The words of distinguished feminist international relations theorist, Ann Tickner, in 1998, “International relations is a man’s world, a world of power and conflict in which warfare is a privileged activity”; is convincing even today. Majority of experts in Pakistan do not look at warfare issues with the gender lens. A small number of highly placed Pakistani women in politics and civil service feel demoted if asked to look at a certain issue with gender standpoint until and unless there is any compulsion. This is in conformity with the popular worldwide assumption about the irrelevance of the complex roles of women in the theatre of International Relations.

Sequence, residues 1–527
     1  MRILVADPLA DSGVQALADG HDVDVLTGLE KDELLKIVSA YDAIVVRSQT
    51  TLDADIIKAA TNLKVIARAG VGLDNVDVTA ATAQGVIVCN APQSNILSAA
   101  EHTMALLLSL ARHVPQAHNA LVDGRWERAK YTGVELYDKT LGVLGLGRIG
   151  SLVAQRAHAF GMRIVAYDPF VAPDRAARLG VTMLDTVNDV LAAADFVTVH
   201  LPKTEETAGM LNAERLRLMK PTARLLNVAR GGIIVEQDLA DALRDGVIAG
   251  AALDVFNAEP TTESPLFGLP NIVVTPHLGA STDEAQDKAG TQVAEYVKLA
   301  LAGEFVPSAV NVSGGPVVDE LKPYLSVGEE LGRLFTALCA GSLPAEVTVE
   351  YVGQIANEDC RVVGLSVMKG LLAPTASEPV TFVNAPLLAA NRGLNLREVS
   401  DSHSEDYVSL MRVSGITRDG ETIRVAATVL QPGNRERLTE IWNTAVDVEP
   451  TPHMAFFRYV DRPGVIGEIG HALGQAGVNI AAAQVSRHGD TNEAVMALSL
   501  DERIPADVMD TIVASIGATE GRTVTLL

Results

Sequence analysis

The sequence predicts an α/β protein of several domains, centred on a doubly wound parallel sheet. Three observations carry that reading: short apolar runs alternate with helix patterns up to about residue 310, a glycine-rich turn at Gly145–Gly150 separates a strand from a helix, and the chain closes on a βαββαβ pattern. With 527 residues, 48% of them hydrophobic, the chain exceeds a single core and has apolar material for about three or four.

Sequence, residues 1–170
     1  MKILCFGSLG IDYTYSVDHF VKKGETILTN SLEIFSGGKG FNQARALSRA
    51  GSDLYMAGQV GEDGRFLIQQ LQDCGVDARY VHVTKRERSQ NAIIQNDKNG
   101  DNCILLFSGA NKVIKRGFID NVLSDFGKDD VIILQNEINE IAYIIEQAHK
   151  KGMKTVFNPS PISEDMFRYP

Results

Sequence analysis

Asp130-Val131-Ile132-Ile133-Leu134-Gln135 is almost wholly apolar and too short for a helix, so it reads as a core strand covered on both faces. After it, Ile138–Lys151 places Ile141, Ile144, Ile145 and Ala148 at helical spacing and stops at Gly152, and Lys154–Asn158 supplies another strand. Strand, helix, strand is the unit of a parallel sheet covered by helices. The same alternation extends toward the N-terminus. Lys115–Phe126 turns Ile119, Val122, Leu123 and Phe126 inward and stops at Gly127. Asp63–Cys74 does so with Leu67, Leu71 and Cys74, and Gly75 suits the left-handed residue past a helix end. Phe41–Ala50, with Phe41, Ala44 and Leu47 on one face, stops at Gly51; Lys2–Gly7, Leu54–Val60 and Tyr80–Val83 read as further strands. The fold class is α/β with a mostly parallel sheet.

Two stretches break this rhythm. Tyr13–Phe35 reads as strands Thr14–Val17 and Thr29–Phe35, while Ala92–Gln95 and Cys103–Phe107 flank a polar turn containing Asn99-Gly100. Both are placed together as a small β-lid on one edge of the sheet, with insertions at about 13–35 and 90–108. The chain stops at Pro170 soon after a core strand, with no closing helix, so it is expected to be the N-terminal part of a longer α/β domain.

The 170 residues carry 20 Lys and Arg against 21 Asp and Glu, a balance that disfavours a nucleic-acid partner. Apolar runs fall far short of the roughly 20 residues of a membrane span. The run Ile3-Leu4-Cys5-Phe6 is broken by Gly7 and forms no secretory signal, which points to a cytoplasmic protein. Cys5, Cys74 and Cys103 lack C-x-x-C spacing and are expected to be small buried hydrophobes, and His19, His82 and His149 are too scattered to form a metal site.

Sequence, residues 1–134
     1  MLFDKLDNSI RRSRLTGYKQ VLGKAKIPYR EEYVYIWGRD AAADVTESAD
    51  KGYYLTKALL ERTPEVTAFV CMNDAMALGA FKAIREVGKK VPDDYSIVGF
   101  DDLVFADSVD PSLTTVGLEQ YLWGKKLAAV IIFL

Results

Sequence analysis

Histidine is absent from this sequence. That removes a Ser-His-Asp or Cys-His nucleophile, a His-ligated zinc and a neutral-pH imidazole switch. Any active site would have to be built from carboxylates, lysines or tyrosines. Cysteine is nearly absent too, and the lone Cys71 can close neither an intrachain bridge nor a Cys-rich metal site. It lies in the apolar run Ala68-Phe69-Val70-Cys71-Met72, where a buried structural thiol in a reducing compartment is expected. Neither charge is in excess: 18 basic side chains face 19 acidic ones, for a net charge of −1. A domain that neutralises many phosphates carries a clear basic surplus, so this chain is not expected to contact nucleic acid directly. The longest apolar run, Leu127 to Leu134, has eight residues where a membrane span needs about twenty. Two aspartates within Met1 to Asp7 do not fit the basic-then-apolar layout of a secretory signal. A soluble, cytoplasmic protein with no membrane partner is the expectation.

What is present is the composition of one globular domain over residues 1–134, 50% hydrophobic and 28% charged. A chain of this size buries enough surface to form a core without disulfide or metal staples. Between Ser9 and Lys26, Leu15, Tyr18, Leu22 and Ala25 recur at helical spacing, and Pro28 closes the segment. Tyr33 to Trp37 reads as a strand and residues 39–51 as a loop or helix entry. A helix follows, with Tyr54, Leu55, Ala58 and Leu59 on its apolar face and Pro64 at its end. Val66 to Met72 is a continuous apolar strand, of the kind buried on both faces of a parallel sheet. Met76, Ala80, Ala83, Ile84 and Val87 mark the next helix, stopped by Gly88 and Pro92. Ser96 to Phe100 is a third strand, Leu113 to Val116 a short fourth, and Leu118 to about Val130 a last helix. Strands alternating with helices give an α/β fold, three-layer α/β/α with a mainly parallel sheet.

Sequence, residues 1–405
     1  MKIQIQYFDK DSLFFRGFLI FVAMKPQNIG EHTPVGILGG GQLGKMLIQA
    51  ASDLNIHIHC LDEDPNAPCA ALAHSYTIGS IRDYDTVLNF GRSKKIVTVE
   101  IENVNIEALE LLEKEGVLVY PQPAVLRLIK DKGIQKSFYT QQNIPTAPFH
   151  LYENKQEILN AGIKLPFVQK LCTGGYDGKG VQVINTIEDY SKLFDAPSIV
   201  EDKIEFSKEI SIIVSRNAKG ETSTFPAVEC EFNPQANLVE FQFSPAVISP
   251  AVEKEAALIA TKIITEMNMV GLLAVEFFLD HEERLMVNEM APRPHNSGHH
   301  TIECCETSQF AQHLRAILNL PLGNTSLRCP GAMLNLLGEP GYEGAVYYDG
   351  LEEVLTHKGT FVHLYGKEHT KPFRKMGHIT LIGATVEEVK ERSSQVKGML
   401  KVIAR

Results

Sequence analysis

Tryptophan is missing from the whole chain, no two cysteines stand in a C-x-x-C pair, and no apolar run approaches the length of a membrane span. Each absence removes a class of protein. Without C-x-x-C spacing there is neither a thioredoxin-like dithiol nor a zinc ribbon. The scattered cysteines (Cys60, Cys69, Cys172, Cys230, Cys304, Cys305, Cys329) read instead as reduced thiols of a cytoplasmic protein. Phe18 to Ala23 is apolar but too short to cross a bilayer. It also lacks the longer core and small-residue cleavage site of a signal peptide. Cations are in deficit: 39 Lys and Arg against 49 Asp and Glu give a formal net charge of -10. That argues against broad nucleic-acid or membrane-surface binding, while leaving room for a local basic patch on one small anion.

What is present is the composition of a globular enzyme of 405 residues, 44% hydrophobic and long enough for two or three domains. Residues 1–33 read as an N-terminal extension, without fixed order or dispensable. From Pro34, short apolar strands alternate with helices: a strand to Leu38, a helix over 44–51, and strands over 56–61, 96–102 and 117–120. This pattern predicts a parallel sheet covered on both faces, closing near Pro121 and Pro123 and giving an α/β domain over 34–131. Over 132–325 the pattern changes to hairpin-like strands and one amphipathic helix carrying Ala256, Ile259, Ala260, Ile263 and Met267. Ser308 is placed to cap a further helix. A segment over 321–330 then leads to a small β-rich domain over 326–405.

The cautious women and conventional academia in Pakistan, remains largely unmoved by the UN Security Council’s land mark resolution 1325 in year 2000, and subsequent resolutions that continue to underscore the centrality of women in the realm of security. The country cannot afford to remain refractory to this alarming state of the affairs. Different public universities should come together in strategising how academia and the defence industry plan to better harness women’s skills and utilise the insights of those experts, who understand the indigenous contexts, on engendered leadership in national security. Investing in nurturing a multiple and multilevel narrativisation on national security is worth doing.